Last weekend I went away on a ski trip. Skiing was something I had never done in my life nor something I had any real desire to do but I like this guy so I thought I should try it. I didn't think I'd like skiing because I don't like winter or being cold but for skiing you get to wear fun things like ski jackets and neck-ups and put little packets of heated stuff in your gloves. And you get to go "cute-outdoorsy-type" when out on the mountain with fleecy vests and shape-hugging shirts with strategically placed graphics. And super cute waterproof boots on sale. Or at least I did.
My coworker, a fanatical skiier invited me along on her annual ski trip knowing that my special friend with the blue eyes (as well as some of our other coworkers) would be there. I invited a skiing friend and we got a room at an Inn with... wait for it... an outdoor heated pool! Have you ever heard of anything so bizarre? And yet so wonderful? It was such a great experience to be outside in a warm pool with snow all around. Steam was rising off the water because it was so cold and every now and then I would take a hand or foot out of the pool to remind myself how freezing cold the air was. But don't worry, the entrance to the pool was inside a building and there was a plastic curtain to swim through to get outside.
I signed up for a skiing lesson by myself for the morning and I was scared. My big fear was the chair lift but not for the reasons everyone seemed to think. I wasn't scared to fall out, I was scared to be stuck hanging in mid-air in another situation I couldn't control. When the instructor explained the agenda to the class, it sounded like the chair lift part would be extra, done later, if we really felt comfortable. So I relaxed a bit and shoved my feet into heavy constrictive rented ski boots. Then the instructor announced we would be taking a shuttle bus to the beginners slope and I began to worry anew. As I've mentioned before, my anxiety surges at the thought of riding in something which I'm not driving. It sounds silly I know but it is what it is.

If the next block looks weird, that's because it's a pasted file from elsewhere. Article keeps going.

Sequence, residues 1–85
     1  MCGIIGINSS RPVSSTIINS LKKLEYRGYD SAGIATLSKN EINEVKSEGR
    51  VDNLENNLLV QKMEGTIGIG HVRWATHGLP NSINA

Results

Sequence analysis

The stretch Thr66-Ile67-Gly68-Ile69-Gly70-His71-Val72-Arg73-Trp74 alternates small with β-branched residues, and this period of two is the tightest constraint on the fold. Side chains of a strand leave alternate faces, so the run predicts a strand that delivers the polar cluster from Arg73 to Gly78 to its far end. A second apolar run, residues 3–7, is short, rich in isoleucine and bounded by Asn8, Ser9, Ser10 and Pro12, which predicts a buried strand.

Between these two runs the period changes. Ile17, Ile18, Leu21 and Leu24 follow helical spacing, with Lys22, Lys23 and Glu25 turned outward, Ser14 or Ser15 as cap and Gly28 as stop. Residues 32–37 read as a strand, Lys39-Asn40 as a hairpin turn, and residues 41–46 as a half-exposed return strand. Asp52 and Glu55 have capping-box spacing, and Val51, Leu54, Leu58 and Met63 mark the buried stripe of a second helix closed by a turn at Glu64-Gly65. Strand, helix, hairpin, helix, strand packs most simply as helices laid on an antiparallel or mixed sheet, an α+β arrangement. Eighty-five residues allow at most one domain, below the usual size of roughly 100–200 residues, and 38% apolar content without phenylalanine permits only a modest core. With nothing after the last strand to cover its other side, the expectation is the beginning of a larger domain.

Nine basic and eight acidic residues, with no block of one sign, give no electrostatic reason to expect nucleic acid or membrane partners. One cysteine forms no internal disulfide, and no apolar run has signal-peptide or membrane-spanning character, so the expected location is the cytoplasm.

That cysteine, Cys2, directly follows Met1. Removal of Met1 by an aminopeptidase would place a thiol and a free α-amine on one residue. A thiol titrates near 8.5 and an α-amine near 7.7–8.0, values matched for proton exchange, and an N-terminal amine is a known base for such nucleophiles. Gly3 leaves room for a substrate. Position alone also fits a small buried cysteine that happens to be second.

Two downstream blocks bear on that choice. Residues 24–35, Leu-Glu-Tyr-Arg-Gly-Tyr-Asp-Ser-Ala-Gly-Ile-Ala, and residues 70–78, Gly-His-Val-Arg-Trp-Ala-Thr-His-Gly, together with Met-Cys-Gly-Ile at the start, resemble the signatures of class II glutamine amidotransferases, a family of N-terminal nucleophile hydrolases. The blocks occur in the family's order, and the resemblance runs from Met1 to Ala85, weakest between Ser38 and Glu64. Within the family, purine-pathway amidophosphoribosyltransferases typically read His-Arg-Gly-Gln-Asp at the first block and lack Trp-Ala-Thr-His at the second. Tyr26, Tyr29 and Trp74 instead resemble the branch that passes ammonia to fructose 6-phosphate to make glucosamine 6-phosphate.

Luckily I didn't have much time to think about it and it was a short ride. Thinking back I know that if I had known ahead of time, then that would have been the focus of my anxiety and I would've made a huge deal out of it with worrying and maybe even chickening out. But the fact that I just did it? It was nothing. I guess the key to overcoming anxiety is to stop thinking so much, but how?
Anyway I learned to ski. It was cumbersome trying to move with skis on and waiting in line for the rope tow and everything was a lot of work for like, 30 seconds of skiing but it was worth it. I only fell a couple times and that was when I didn't know how to stop myself from sliding away so I made an emergency stop by pitching myself to the ground. Once I couldn't get up and it was really rather comical. A bunch of little kids were trying to tell me how to manuver my skis but I just couldn't do it. Finally an instructor had to come and rescue me from sitting in the snow the rest of the day.
I guess I did really well according to the instructor. I'm a quick learner when I like something and I did like skiing. But at the end of the class it was time for everyone to take the chair lift and as I stood watching it slowly move along many feet up in the air, it suddenly stopped for several minutes. The image of skis swinging with no ground below them froze in my head. I couldn't do it. I had challenged myself enough for one day. I didn't want to ride it with the instructor who didn't understand my fears and was giving me a hard time. I wanted to go myself or with a friend. I said I'd had enough and called it a day.
Am I disappointed in myself? No, not if I go back and do it again soon before I lose my momentum but yes if I let it stop me from trying. Mostly I am proud of myself for facing my fears - the whole trip was scary for me what with being over three hours away from home and trying something new and the possibility of spending time with the guy I have a crush on without looking like a total loser... I could've opted out of the whole thing but I didn't and now I've discovered that I tried something new and enjoyed it.
There was a lot more to the weekend but it's a story for another day. You'll just have to wait in suspense to hear what happened with the boy (not much) and the drama that night (darn wine!) and the college boys we played pool with later (21 years old!!) - do you think we revealed our real age to them? But for now as a lovely three day weekend draws to a close, I have to think about possibly going to bed. Part two coming soon! (Really.)